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The Best Jobs For Veterans No One Is Telling You About
Some of the best opportunities for a fulfilling post-military career are in a field you’ve probably never considered.
About a year before leaving the Army, as I began my transition process, recruiters were calling me several times a week. Private companies seek out military leaders because they wisely value the leadership experience that we bring to the table. But while I was grateful for the attention from these headhunters, their pitches always lacked a certain something.
Finally, I figured out what was missing: I didn’t care about the missions of their companies.
I didn’t care how many tubes of toothpaste they sold or how efficiently they could produce them, and their bottom line didn’t interest me because it just felt inconsequential. I’m self-aware enough to know that I’m too idealistic for that kind of work. I need a mission. Granted, everyone isn’t wired this way (those are great jobs and someone should have them), but I am, so I decided to look elsewhere for a post-Army career.
Eventually, I stumbled into a career field where I feel uniquely qualified, fulfilled, plugged-in, and challenged by real, complex, interesting problems: Nonprofits.
Through my research, I learned that there is more to nonprofit organizations than hippies and the Peace Corps. This field is chock-full of smart, motivated people addressing lofty, resonant missions that I could get excited about, like curing cancer, ending hunger or poverty, fixing education, or advocating for rape victims or wounded veterans.
Now, three years after leaving the military, I feel like I’m on a mission every single day when I go to work, because I am. I run a small nonprofit organization that works to fight illiteracy in Savannah, Georgia, particularly among low-income youth.
I found this job by chance, not through a headhunter or a career fair or even my alumni association. I found it by volunteering in my community on a resume-building whim. After volunteering at the Deep Center, I was subsequently hired onto the staff once the organization recognized me as an asset.
There’s been a big push lately for veterans to become entrepreneurs and small business owners, which is great news for those who want to do that kind of work. I’m hoping the next big push will be for vets to become leaders in social entrepreneurship, where the currency is social change and the bottom line is calculated by asking how much progress towards solving the problem was made. Many veterans may not realize that they are well suited for leading small nonprofits --- especially those who want to answer the kind of “call to service” that we experienced in the military.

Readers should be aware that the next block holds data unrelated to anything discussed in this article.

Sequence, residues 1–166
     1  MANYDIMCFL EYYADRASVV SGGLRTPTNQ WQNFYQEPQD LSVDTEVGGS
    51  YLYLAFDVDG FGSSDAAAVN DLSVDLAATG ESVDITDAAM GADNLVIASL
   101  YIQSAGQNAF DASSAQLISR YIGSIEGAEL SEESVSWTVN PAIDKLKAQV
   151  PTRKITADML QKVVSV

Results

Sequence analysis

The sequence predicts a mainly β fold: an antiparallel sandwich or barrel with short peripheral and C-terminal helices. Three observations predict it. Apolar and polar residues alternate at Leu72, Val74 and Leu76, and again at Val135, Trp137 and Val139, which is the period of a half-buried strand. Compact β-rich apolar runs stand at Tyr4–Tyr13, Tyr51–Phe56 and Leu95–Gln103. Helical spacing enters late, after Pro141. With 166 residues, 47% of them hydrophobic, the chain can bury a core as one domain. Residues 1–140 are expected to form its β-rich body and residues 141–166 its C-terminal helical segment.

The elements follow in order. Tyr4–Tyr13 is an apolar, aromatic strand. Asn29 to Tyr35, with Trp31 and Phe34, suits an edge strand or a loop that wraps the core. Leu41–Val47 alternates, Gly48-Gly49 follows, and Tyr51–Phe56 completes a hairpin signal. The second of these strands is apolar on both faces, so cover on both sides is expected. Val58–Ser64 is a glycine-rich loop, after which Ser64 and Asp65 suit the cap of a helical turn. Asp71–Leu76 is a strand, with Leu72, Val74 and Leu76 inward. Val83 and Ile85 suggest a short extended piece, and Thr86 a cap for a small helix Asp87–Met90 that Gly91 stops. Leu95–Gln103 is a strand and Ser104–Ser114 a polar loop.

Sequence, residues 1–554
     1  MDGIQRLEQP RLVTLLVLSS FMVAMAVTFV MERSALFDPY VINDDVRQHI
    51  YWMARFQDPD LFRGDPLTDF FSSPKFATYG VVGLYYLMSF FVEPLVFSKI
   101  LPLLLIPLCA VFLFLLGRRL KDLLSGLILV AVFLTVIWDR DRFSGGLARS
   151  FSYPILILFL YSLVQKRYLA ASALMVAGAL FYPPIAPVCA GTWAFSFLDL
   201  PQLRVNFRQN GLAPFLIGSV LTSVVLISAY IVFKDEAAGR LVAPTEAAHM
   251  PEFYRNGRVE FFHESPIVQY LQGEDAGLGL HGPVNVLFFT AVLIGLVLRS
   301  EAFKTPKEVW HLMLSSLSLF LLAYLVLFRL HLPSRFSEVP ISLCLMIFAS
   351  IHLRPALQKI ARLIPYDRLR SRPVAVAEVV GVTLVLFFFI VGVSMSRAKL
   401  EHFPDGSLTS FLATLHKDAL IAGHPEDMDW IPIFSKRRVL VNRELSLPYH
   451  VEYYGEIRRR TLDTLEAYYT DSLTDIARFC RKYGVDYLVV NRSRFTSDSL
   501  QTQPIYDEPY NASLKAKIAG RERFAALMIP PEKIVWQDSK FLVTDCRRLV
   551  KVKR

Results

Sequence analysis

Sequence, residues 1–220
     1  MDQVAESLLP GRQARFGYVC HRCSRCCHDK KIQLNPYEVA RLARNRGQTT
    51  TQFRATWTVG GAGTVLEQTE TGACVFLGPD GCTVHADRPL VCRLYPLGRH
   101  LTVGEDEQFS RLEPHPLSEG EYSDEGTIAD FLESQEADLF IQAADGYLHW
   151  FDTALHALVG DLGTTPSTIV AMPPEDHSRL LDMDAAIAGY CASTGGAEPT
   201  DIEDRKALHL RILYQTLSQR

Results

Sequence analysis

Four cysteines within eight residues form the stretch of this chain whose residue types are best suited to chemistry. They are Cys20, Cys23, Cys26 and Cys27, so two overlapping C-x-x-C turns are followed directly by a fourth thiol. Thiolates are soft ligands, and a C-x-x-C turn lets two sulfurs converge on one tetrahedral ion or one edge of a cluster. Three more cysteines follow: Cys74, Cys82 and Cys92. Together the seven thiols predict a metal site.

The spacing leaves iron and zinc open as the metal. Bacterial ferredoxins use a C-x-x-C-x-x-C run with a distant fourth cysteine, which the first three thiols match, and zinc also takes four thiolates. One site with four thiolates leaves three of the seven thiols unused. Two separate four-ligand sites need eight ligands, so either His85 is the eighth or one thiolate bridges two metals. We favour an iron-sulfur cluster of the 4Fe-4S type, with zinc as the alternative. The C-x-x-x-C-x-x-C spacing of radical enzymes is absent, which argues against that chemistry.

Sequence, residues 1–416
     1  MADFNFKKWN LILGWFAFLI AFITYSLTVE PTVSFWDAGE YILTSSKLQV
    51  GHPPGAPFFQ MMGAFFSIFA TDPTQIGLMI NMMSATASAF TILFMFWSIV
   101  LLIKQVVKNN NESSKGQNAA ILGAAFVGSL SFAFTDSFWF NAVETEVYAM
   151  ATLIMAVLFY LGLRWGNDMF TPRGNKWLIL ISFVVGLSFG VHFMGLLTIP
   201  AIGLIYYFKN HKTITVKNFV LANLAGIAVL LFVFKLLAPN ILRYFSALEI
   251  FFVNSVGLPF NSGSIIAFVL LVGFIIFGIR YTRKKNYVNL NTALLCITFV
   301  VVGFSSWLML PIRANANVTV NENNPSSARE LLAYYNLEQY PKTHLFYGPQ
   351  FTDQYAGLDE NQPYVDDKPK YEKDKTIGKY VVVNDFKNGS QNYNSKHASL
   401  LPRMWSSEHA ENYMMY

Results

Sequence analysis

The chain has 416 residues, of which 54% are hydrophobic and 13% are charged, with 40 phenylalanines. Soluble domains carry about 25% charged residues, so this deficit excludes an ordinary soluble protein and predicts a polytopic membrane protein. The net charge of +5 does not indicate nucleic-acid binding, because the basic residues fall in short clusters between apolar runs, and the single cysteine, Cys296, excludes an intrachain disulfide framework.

Having worked in this field for about two years now, I’ve learned that one of the reasons transitioning soldiers never hear about these jobs is that nonprofits are notoriously bad at recruiting and marketing. Even big ones like the United Way can’t compete with behemoth for-profits like Procter & Gamble when it comes to grabbing veterans’ attention. During my own transition, the Army assigned me a career counselor. When I told her I might want to work in the nonprofit field, she said she had no idea what I was talking about.
But within the nonprofit world exists a diverse range of jobs in leadership, operations, project management, training, finance, among others, and veterans are completely missing out on these opportunities because not enough people are talking about them.
Nonprofits are often referred to as the social or the “third” sector because the overarching purpose is to fill the gaps between what the public and private sectors are able to provide. Lately, with gridlock in Washington, and a stagnant job market, those gaps are growing, so we need effective, well-run nonprofits more than ever and they need us. They need leaders.
Small and medium-sized nonprofits are particularly in need of leaders who are mission-focused, know how to delegate, implement a plan with limited resources, learn from mistakes, and develop a team.
You can also get involved by applying for a fellowship with The Mission Continues, a nonprofit organization that partners transitioning veterans with action-oriented initiatives to build stronger communities and tackle pressing issues.
Full disclosure: You probably won’t get “rich” working at a nonprofit organization, but I guess that depends on your definition of the term. This is to say that if you do end up working for a cause that truly matters to you --- even if you just start out as a volunteer and work your way up --- you just might find yourself in that holy grail of careers where you are truly fulfilled.